On a personal note – in passing – I was astonished to discover the intricacy and directness of al-Tabari’s discourse about the relativity (created-ness) of time as part of his methodological framework for the study of the universal history. Al-Tabari presented his “theorising” concerning the notion of time at the beginning of his magnum opus “History of Prophets and Kings”, saying, for example: “First, however, I shall begin with what for us comes properly and logically first, namely, the explanation of: What is time? How long is its total extent? Its first beginning and final end. Whether before God’s creation of (time) there was anything else. Whether it will suffer annihilation and whether after its annihilation there will be something other than the face of the Highly praised, the Exalted Creator. What was it that was before God’s creation of time and what will be after its final annihilation? How did God’s creation of it begin and how will its annihilation take place?”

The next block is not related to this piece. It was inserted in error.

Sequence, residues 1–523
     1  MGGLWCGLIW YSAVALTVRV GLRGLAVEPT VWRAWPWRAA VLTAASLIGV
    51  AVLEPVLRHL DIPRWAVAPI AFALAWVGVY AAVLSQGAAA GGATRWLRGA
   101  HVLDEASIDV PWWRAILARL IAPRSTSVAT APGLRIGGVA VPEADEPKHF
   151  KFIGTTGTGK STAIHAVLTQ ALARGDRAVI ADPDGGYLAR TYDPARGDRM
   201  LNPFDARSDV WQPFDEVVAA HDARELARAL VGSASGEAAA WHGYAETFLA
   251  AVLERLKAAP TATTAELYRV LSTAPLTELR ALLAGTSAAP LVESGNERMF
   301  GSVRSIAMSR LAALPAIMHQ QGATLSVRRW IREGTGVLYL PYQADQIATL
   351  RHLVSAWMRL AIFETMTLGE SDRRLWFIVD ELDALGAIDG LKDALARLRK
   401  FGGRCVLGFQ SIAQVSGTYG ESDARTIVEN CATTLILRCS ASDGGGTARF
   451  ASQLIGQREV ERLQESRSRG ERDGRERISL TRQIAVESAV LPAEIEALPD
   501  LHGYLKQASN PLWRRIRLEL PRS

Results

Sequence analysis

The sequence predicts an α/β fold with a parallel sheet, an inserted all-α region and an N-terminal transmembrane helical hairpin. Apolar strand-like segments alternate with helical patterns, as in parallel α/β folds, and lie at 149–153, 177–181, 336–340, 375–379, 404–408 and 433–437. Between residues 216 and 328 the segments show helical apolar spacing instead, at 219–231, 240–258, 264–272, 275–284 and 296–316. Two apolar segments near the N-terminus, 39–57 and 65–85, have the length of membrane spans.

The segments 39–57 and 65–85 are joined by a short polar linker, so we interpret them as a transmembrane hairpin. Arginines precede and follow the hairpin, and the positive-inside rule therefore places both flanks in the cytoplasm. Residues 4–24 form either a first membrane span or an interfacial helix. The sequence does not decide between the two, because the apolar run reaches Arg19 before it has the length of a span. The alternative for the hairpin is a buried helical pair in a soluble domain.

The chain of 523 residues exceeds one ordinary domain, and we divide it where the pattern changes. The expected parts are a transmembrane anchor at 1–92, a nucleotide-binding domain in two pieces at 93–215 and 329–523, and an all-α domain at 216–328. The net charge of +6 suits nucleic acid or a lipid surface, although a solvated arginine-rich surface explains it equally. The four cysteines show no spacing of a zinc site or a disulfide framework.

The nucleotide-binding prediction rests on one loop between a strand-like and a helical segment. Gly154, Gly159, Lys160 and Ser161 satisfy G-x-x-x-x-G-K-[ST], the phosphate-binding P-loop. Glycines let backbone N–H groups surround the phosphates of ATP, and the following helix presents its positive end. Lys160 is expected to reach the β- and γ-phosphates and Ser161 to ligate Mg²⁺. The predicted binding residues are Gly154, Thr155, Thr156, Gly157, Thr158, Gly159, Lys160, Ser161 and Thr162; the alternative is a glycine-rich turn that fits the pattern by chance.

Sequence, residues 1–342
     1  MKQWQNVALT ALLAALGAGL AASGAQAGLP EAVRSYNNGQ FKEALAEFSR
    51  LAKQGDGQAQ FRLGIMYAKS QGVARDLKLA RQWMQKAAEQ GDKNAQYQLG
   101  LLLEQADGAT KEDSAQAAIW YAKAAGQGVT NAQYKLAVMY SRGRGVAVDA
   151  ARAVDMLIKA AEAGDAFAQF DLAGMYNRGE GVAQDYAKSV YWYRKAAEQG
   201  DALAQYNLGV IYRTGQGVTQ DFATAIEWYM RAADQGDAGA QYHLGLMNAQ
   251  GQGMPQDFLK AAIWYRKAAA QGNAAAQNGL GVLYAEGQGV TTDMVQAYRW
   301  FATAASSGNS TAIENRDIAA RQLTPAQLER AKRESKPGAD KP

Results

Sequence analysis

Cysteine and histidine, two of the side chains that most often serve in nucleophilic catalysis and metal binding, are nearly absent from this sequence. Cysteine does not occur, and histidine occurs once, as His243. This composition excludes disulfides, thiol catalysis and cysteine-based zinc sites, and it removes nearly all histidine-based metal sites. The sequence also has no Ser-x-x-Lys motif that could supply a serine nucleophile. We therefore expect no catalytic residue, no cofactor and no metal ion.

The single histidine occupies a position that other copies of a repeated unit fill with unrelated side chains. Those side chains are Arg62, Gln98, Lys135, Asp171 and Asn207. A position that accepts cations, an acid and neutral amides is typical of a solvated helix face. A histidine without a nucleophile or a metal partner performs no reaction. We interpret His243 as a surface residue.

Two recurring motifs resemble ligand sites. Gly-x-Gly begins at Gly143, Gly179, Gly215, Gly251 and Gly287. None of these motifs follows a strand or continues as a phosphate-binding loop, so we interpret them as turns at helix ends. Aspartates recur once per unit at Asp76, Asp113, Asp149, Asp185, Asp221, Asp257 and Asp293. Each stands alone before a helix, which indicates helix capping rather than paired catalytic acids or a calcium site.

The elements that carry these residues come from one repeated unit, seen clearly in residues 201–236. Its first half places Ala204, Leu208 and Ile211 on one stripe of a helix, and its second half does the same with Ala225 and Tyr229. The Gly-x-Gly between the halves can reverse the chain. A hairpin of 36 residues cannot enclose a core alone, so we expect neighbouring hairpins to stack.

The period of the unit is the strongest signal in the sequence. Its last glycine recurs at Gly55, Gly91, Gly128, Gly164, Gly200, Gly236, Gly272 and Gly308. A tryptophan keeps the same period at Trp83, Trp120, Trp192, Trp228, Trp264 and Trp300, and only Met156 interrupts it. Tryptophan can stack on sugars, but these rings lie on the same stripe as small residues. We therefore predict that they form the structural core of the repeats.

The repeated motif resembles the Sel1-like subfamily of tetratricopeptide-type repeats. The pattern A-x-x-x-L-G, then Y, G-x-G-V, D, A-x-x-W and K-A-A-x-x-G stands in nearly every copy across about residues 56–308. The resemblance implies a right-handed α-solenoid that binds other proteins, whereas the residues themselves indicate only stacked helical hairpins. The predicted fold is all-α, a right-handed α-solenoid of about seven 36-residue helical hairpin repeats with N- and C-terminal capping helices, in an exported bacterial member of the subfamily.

These ideas were put forward for the sake of knowledge development as early as towards the end of the 9th and the beginning of the 10th centuries. In an amazement one should wonder what could have happened if the avant-garde empirical theories of time produced centuries later by Isaac Newton (d. 1727) and Albert Einstein (d. 1955) were fused with the philosophical-cum-religious “theory” of time by al-Tabari and some other Muslim scholars. The sky would have been the limit. The state of the world, surely, would not have been the same.